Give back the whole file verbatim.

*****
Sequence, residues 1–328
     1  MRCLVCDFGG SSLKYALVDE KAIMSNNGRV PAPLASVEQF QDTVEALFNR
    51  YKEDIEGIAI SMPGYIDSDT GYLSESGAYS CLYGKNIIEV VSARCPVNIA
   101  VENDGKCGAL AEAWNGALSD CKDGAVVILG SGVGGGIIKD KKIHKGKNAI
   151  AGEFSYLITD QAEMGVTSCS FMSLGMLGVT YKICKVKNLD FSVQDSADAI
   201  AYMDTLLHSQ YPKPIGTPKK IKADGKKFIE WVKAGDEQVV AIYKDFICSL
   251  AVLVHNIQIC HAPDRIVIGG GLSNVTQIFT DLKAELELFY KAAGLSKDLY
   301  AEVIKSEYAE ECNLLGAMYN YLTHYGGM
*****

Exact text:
Sequence, residues 1–328
     1  MRCLVCDFGG SSLKYALVDE KAIMSNNGRV PAPLASVEQF QDTVEALFNR
    51  YKEDIEGIAI SMPGYIDSDT GYLSESGAYS CLYGKNIIEV VSARCPVNIA
   101  VENDGKCGAL AEAWNGALSD CKDGAVVILG SGVGGGIIKD KKIHKGKNAI
   151  AGEFSYLITD QAEMGVTSCS FMSLGMLGVT YKICKVKNLD FSVQDSADAI
   201  AYMDTLLHSQ YPKPIGTPKK IKADGKKFIE WVKAGDEQVV AIYKDFICSL
   251  AVLVHNIQIC HAPDRIVIGG GLSNVTQIFT DLKAELELFY KAAGLSKDLY
   301  AEVIKSEYAE ECNLLGAMYN YLTHYGGM